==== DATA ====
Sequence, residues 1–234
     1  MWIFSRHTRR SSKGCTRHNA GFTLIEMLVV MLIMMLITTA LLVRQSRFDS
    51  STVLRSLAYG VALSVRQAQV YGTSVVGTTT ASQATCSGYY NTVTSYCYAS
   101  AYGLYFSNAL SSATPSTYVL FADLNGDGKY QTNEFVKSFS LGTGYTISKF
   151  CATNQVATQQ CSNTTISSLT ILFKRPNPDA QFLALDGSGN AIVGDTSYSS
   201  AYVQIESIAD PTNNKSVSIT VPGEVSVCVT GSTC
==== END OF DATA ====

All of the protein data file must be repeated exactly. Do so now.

Sequence, residues 1–234
     1  MWIFSRHTRR SSKGCTRHNA GFTLIEMLVV MLIMMLITTA LLVRQSRFDS
    51  STVLRSLAYG VALSVRQAQV YGTSVVGTTT ASQATCSGYY NTVTSYCYAS
   101  AYGLYFSNAL SSATPSTYVL FADLNGDGKY QTNEFVKSFS LGTGYTISKF
   151  CATNQVATQQ CSNTTISSLT ILFKRPNPDA QFLALDGSGN AIVGDTSYSS
   201  AYVQIESIAD PTNNKSVSIT VPGEVSVCVT GSTC